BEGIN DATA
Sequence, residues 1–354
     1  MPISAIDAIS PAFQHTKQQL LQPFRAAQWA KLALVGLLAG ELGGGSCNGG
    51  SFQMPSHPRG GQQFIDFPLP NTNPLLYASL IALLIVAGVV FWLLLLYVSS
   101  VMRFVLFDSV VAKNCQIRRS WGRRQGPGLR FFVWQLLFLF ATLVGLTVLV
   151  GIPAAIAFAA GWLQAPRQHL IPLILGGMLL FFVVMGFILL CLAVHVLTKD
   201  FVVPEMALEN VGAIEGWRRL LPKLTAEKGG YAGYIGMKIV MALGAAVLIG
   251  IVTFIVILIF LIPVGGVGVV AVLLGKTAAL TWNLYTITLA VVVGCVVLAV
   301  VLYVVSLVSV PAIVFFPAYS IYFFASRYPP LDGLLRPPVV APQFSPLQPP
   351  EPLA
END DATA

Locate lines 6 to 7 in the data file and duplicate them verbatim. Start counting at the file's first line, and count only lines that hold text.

   201  FVVPEMALEN VGAIEGWRRL LPKLTAEKGG YAGYIGMKIV MALGAAVLIG
   251  IVTFIVILIF LIPVGGVGVV AVLLGKTAAL TWNLYTITLA VVVGCVVLAV